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Written By Scott Joseph On November 19, 2015

Baoery pork bao

Bao are big.

They’re suddenly everywhere. Well, OK, that’s an exaggeration, but they’re showing up on enough menus to declare them an honest-to-Buddha trend. In the past week, I’ve eaten at two restaurants themed on the steamed buns: Bao in Ft. Lauderdale and Baoery, an Asian gastropub in downtown Orlando’s Thornton Park. The latter, from from chef Greg Richie and Thornton Park Restaurant Group, which also owns the nearby Soco, replaced Cityfish.

But why bao now? Part of the proliferation, I’m sure, is that the dining public enjoys exotic foods, especially those that aren’t too adventuresome. Asian dishes are particularly popular, and anything associated with street food is extra attractive. Bao are small but filling, and they can usually be gotten for a low price even as the restaurant selling them can claim a good profit margin.

And they can be pretty damn tasty, too.

So what is a bao? Bao, pronounced like the front of a ship, is, to put it simplistically, steamed dough filled with meat or vegetables. It may be in the form of a bun with the fillings hidden inside, or flattened and folded so that it resembles a puffy taco shell. It’s basically white bread dough, steamed instead of baked, so there is no browned crust, and the texture is doughier and moist. You’ll find the bun type on many Chinese dim sum carts (usually with precious little meat inside). The puffy tacos are what you’ll find in places like Baoery.

You’ll have to look hard to find them, however. Despite the name, a clever homophonic that evokes the neighborhood in south Manhattan, there are few actual bao selections, four under the Black Belt Bao heading, plus an item here or there that may include a bao bun. (Similarly, Bao in Ft. Lauderdale had only five bao selections on its sushi and tapas heavy menu.)

Baoery kfc bao

I had the Twin Dragons bao, which features a version of the Korean Fried Chicken that Richie serves at Soco, except without the bones. The two pieces, served in a small bamboo steamer, were stuffed with the crispy bits of chicken, which weren’t too terribly spicy, and some cool slices of radish and cucumber.

On another visit I had the Jade Emperor (pictured at top), which had roasted pork belly in the buns with a barbecue hoisin sauce and a bit of kimchi. The kimchi could have fermented a bit longer, but I enjoyed this one the most.

Baoery ramen

I also tried the Pork Belly Ramen, which had noodles in an evenly seasoned broth with a soft-boiled egg, carrots and scallions, and fresh herbs. A little pulled pork supplemented the delightfully fatty belly meat. Supposedly the ramen fad, which never really caught on in Central Florida, is over in the rest of the country, but I still haven’t had my fill.

Baoery calamari

From the list of appetizers, or Small Plate, as they’re listed on the menu, my guest and I shared the Kung Pao Peanut Calamari, breaded and deep-fried squid with a coconut tinged peanut dipping sauce. The calamari were nicely done and the peanut sauce lifted the dish beyond the now mundane calamari appetizers that proliferate local menus.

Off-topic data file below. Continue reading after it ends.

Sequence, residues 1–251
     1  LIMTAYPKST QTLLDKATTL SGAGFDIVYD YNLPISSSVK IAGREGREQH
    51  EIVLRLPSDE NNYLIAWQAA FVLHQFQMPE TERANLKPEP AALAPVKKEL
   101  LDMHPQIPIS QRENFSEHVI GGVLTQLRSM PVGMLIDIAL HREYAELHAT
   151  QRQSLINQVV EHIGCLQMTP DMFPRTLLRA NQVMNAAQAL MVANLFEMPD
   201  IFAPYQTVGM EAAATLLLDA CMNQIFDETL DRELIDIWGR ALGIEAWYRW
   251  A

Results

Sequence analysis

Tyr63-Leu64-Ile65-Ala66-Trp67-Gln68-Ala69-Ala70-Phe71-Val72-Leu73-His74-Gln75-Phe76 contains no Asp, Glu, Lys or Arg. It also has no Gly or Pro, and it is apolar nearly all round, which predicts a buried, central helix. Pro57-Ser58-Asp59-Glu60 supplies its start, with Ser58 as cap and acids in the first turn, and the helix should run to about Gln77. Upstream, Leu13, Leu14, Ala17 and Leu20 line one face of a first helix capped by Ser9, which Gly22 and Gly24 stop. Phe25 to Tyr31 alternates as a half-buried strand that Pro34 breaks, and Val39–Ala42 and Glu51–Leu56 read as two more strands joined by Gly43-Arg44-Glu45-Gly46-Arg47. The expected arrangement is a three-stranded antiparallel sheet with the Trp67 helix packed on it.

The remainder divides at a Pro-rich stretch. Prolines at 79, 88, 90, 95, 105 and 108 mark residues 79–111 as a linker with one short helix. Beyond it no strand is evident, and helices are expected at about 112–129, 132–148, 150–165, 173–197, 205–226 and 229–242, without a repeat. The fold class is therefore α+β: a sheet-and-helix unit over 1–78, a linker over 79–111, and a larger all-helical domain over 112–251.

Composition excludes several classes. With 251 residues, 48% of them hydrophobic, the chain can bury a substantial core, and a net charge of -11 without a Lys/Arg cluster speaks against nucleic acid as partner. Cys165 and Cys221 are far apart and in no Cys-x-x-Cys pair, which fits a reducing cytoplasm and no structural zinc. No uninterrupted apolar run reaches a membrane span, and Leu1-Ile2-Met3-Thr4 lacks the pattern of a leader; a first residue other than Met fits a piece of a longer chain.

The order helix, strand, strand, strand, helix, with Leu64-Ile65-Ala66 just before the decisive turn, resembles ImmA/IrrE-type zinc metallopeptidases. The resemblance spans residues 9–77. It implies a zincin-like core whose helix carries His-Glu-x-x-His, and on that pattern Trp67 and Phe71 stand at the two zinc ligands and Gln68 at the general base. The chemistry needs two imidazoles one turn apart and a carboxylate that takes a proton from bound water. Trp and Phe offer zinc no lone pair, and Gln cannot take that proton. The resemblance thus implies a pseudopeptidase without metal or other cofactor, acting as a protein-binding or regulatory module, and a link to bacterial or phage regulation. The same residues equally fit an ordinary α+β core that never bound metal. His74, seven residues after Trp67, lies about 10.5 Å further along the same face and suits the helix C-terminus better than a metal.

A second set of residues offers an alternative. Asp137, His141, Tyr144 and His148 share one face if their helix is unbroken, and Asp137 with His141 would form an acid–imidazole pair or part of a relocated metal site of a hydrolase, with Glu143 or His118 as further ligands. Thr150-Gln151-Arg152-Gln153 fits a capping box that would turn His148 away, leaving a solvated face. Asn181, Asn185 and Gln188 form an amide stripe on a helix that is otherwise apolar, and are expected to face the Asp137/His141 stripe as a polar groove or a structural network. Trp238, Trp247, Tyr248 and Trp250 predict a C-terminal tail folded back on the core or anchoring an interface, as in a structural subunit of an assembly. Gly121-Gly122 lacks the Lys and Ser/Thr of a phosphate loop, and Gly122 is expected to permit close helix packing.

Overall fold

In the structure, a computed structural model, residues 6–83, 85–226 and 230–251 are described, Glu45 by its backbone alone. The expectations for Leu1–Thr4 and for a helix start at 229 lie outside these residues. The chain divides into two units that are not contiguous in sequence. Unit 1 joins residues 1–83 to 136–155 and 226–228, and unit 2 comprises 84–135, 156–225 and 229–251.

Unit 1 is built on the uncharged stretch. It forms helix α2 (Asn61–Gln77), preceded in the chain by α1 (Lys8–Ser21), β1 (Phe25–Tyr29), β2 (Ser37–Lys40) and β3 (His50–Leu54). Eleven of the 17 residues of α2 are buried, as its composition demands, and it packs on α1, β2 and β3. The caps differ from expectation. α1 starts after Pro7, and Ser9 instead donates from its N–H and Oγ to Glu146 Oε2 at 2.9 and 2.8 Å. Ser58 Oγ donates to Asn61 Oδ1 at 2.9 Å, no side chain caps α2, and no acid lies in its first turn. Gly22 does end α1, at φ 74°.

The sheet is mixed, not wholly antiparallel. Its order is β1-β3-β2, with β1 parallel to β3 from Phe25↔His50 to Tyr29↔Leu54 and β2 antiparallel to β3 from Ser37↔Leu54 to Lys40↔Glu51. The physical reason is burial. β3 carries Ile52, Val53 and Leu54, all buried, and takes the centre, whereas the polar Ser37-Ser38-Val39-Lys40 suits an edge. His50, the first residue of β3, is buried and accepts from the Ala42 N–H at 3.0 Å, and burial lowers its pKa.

Baoery Buddha

Renovations of the space included moving the bar, which had been located along one full wall, to the middle of the room, a good decision. There is a startlingly large wall mural of a statue of Buddha inside the front door. At first it appeared that Buddha has a pierced eyebrow, but it turned out to be an unfortunately situated emergency light. Other walls are painted a bright red.

Baoery bar

Somehow the space seems largely unfinished. Maybe it’s supposed to show monklike austerity. Above the bar, a scatter of lumber 2-by-4s invokes a mood that is the opposite of zen. Televisions hang about the room, some tuned to sports channels, others showing vintage kung fu movies.

Richie, who is listed on the menu as the restaurant’s Chairman as well as his official titles of executive chef and partner, has said that Baoery, along with Soco, are the two concepts he has always wanted to develop. Even more than Soco, Baoery makes use of his culinary background and his stints at Roy’s in Hawaii and Orlando and the Polynesian themed Emeril’s Tchoup Chop.

Soco, with its higher price point and nod to a fuller dining experience, isn’t the sort of place many people can — or necessarily want to — dine at regularly. Baoery, with a more casual vibe and approachable prices (nothing on the menu is over $15) will appeal to a younger crowd that likes to eat out often without breaking the bank or sacrificing the quality of food to do so.

Baoery is at 617 E. Central Blvd., Orlando. It is open for lunch and dinner daily. The phone number is 407-849-9779. 

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